Wherever we live, we must not be content with a cerebral, theoretical faith, with its corollary premise that intellectual commitment to a series of statements is enough. We must have something more. We must have what Ellen White calls practical religion, a "living experience with Christ," no matter in which culture we find ourselves.

Culture's impact on our world view

Why are contemporary value systems impacting upon our worldview as a church? I see several possible answers.

One may be that our growing membership is affected by the natural centrifugal force that plagues communities who are no longer in intimate interchange with one another. This is a sociological answer. It is true that the larger our fellowship becomes, the greater will be the tendency to separate into smaller groups. This has been the experience of other church groups, and we should anticipate that tendency. But the character and the eternal perspective of the Seventh-day Adventist message has proved, and must continue to prove, a powerful agent for unity, whatever the culture.

Another influence is clearly the spirit of our times. Increasingly secular and materialistic, particularly in the Western world, we live in larger communities, highly individualistic and distrustful of leaders. The secular world is replete with examples of this, and the church is by no means immune to these influences from society in general.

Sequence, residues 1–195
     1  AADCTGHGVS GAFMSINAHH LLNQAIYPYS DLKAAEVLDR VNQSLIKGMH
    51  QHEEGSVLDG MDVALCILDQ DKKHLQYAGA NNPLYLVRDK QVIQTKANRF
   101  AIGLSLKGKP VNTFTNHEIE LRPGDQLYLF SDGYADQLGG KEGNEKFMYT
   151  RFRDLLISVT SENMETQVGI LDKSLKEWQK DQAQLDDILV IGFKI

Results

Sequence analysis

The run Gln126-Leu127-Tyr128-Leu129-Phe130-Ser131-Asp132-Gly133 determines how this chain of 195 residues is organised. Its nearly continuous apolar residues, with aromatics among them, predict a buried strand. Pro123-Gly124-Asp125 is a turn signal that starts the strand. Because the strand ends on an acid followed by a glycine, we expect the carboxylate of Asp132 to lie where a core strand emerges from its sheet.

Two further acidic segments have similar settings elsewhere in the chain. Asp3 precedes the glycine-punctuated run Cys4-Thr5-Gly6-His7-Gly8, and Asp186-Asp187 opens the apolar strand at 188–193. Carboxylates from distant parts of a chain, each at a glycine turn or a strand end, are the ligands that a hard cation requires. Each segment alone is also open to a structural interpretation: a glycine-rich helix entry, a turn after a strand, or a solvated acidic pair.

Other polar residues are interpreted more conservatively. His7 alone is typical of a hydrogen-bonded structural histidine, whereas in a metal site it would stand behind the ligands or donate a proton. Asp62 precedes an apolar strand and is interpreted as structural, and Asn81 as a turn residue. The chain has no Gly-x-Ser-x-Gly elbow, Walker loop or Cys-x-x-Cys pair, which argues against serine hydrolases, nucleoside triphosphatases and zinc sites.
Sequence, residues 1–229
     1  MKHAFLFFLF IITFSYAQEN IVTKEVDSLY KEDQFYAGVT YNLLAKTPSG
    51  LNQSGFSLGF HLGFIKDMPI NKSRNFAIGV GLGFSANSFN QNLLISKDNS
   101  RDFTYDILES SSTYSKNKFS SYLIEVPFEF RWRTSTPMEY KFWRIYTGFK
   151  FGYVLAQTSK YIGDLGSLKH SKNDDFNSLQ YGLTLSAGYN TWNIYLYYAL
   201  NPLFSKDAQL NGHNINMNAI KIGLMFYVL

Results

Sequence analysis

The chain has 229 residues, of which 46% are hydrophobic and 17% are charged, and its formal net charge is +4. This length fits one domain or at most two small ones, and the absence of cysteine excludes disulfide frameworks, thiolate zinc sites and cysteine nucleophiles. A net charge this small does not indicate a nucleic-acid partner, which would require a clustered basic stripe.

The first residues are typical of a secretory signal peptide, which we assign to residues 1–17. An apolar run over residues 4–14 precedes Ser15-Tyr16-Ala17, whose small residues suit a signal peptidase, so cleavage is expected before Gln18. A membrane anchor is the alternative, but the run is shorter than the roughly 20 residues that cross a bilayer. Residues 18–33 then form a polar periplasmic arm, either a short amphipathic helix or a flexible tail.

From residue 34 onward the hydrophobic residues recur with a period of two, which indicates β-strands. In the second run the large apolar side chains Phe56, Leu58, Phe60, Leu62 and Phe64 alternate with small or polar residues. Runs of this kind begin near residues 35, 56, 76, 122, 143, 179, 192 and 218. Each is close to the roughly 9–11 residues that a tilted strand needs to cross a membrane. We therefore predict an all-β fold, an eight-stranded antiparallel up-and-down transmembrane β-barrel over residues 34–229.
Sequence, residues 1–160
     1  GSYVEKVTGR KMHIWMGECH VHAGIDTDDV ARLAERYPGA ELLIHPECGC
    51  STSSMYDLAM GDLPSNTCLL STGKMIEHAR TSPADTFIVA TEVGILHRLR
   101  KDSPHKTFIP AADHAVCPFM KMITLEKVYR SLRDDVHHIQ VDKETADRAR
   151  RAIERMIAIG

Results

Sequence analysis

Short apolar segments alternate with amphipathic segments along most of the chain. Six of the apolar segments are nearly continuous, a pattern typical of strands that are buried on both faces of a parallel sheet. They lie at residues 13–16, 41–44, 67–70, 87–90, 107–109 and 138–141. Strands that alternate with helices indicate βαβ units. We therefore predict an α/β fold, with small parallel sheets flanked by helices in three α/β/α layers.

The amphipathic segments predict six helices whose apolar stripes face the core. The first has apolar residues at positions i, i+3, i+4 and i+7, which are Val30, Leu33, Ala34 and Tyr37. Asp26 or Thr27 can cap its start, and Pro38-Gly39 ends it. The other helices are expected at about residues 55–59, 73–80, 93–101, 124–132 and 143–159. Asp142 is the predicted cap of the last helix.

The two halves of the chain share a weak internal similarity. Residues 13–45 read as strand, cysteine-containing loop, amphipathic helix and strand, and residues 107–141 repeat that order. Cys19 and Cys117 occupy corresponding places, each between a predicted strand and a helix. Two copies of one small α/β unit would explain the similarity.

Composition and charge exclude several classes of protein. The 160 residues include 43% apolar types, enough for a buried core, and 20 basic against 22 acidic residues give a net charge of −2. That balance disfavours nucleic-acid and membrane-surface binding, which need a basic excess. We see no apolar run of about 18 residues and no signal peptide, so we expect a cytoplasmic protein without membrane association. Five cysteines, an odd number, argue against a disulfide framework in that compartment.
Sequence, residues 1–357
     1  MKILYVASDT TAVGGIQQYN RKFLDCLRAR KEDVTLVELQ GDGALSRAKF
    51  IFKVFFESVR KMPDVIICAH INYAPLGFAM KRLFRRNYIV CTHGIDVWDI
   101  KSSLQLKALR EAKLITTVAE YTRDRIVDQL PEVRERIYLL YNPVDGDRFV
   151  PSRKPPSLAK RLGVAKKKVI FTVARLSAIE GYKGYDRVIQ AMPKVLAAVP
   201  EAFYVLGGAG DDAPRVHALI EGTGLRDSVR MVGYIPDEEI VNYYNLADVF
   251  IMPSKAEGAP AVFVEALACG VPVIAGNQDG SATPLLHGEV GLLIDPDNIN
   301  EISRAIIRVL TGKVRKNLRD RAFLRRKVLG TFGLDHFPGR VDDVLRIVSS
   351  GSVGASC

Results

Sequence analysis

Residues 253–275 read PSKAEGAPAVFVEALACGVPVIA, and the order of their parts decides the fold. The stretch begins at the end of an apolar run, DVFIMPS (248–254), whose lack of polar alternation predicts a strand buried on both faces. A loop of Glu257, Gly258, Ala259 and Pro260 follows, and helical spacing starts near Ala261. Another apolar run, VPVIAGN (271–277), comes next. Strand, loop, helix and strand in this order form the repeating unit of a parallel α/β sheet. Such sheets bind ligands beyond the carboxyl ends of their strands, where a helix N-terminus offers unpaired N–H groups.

Another reason is that too many of us are not personally studying our Bibles every day. Whether we live in New York City, Singapore, Havana, New Delhi, or Abidjan, we will suffer if we do not spend regular time in the Word. Our pastors must help us focus on the Scriptures, on the gospel message of righteousness by faith, and on those unique truths that identify us as God's special people.

The Bible is not a source of themes to be debated. It is a feast of revealed truths to be shared among ourselves and with the world around us. The power of God's Word transcends societal values, conventional wisdom, and all cultures. When it comes to the great themes of Scripture--the conflict of the ages, the death and resurrection of Christ, the perpetuity of the law of God--these are above and beyond borders, traditions, and history. On these truths there is no significant cultural difference. Here culture does not count.

I think every Seventh-day Adventist must ask: Can we be faithful to our Lord and indiscriminately allow culture to continue making negative inroads into the church? As leaders chosen by God's people, can we allow the drift to continue? The answer is simple: no.

God's contrasting call and promise

In contrast, God's call to us and His promises are grand. "And you shall be like a watered garden, like a spring of water, whose waters fail not. And your ancient rains shall be rebuilt; you shall raise up the foundations of many generations; you shall be called the repairer of the breach, the restorer of streets to dwell in" (Isa. 58:11, 12). The context describes a revived people, deeply concerned for those around them, and fully committed to God in their inmost souls. These are a people God can use in an out pouring of His power.